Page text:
Academic journal article Journal of Small Business Management

An Inquiry into Successful Exporting: An Empirical Investigation Using a Three-Stage Model

Academic journal article Journal of Small Business Management

An Inquiry into Successful Exporting: An Empirical Investigation Using a Three-Stage Model

Article excerpt

Are there some specific and measurable characteristics common to all successful exporters? Past research efforts in the area of export management have identified several firm and managerial characteristics associated with the export activity of manufacturing firms (Cavusgil and Naor 1987, Moini 1992, Reid 1982). In the literature, export performance or success has been evaluated by a variety of measures, such as export intensity (export sales as a percentage of total sales) or export growth (Reid 1982, Cooper and Kleinschmidt 1985; Beamish, Craig, and McLellan 1993). Although reliance on a single variable as a gauge of export success was shown not to be valid (Cooper and Kleinschmidt 1986), prior research that measured export performance using a single variable of success reflected an improvement in performance criteria over the categorical approach (Aaby and Slater 1989).

This research uses a multivariable approach to predict export success. A survey of 102 small exporters in Wisconsin identified characteristics that contribute to the export success of the firm. By concurrently using export intensity and export growth as measures of success, this study provides a better picture of export performance.

REVIEW OF THE LITERATURE

A review of previous studies identified a wide range of variables associated with a firm's success in exporting (Bilkey 1978, Aaby and Slater 1989). These included firm characteristics (size, years of export experience, comparative advantages, and management expertise), managerial expectations from exporting (profitability, risk, and cost), managerial characteristics (age, education, and knowledge of foreign languages), and foreign market search. This study integrates the results of past research.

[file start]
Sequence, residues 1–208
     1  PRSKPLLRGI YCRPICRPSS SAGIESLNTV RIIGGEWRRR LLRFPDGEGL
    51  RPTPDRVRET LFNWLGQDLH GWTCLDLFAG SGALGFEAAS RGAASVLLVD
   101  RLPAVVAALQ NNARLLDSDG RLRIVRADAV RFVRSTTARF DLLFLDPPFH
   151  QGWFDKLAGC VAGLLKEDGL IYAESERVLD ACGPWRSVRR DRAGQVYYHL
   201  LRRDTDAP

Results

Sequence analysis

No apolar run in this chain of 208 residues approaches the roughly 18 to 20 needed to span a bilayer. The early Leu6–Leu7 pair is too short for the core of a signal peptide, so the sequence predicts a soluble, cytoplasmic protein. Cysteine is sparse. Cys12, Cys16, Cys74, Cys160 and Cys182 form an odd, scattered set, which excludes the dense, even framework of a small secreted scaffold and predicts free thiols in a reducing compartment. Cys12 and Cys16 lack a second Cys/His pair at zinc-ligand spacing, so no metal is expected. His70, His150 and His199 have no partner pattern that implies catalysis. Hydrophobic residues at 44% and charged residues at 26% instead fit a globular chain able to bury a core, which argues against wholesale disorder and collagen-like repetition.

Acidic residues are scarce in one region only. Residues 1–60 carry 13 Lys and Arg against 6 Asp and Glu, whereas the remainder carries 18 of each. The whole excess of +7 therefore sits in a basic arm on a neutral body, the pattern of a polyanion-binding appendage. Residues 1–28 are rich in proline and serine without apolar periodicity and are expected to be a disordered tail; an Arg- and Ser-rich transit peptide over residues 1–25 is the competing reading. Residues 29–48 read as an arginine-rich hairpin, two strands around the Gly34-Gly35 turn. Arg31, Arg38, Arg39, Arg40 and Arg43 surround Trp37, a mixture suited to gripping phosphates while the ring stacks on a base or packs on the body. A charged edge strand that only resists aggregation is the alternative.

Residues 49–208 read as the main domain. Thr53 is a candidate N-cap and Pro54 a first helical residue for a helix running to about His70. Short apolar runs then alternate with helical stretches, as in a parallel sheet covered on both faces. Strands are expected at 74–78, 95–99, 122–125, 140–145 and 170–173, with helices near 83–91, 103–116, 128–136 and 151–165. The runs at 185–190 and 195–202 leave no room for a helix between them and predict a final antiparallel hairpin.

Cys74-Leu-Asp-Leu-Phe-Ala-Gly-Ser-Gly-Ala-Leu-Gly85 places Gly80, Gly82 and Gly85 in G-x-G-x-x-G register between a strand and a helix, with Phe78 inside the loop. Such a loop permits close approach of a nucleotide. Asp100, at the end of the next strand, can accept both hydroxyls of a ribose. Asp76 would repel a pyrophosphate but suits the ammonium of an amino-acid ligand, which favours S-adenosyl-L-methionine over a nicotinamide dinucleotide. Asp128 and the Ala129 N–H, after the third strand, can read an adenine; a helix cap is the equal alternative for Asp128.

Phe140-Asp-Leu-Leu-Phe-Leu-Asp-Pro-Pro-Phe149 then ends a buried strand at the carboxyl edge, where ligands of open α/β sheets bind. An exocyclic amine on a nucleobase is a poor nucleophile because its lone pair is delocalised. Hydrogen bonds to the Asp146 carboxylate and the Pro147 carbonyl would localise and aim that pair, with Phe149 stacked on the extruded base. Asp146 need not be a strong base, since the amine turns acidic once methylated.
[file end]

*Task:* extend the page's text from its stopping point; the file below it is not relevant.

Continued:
Firm Characteristics

Firm size is often regarded by export researchers as a critical variable in explaining export behavior and success (Cavusgil and Naor 1987; Louter, Ouwerkerk, and Bakker 1991; Denis and Depelteau 1985; Cristensen, da Rocha, and Gartner 1987). Some researchers have used the number of employees as a measure of size (Bilkey and Tesar 1977), while other researchers have used sales volume (Czinkota and Johnston 1983). For all the attention firm size has received, there is little agreement regarding the impact that organizational size has on export success. Reid (1982), for example, reported that larger firms are less constrained in devoting financial and human resources (as defined by sales, assets, number of employees, and managerial personnel) to exporting because of the greater availability of these resources. In contrast, other studies found no relationship between firm size and its commitment to export (Bonaccorsi 1992, Holzmuller and Kasper 1991, Czinkota and Johnston 1983, Diamantopoulos and Inglis 1988). Still others found a negative relationship between organizational size and export growth (Cooper and Kleinschmidt 1985). In light of the conflicting evidence, it seems no definitive conclusions can be drawn from past research on the relationship between export success and the size of the firm.

Export experience is another firm characteristic facilitating export performance or success (Tesar and Tarleton 1982, Madsen 1989). According to da Rocha, Christensen, and Eduardo (1989), the greater number of years of export experience, the more probable it is that the firm would be an aggressive exporter. However, Denis and Depelteau (1985) reported that export experience has more influence on export volume than on the propensity to export. Czinkota and Ursic (1991) also noted that no-growth firms had significantly more exporting experience than did growth firms. They suggested that firms that have anticipated growth, particularly those with a lower export ratio, might have problems in increasing their exporting effort.

Competitive advantages are another group of firm-related factors that assist initial involvement and continued success in exporting (Koh and Robicheaux 1988; Keng and Jiuan 1988; Rao, Erramilli, and Ganesh 1990; Louter, Ouverkerk, and Bakker 1991; Moini 1992). …

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